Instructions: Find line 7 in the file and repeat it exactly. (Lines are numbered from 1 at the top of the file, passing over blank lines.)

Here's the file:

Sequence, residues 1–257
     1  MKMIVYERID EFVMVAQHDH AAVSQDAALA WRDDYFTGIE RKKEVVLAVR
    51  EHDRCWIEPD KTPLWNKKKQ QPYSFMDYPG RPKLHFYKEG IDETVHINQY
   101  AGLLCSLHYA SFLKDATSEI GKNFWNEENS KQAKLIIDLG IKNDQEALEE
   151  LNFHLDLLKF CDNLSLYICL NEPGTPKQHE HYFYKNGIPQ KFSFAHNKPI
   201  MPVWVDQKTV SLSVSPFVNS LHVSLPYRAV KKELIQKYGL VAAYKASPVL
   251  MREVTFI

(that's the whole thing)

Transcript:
   251  MREVTFI